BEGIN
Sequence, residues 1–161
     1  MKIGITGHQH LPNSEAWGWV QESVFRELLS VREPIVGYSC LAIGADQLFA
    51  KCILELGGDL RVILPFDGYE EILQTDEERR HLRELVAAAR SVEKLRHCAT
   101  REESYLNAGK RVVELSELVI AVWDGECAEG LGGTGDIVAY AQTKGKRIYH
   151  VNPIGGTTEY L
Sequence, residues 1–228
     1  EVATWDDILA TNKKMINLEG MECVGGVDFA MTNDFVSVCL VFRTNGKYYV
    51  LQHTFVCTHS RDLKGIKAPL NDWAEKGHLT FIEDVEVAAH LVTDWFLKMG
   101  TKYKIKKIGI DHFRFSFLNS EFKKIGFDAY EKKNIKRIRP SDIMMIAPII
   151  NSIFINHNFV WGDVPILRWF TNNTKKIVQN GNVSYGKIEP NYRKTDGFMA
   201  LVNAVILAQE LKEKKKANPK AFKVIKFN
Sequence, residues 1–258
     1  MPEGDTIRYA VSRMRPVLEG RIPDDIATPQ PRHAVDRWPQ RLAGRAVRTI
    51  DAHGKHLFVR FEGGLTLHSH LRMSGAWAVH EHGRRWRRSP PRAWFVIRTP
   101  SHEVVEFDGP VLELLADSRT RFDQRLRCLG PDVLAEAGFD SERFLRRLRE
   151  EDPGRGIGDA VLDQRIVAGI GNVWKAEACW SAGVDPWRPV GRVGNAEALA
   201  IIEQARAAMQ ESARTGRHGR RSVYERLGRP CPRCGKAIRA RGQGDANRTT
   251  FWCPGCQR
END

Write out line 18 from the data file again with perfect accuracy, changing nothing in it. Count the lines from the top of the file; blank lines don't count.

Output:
   251  FWCPGCQR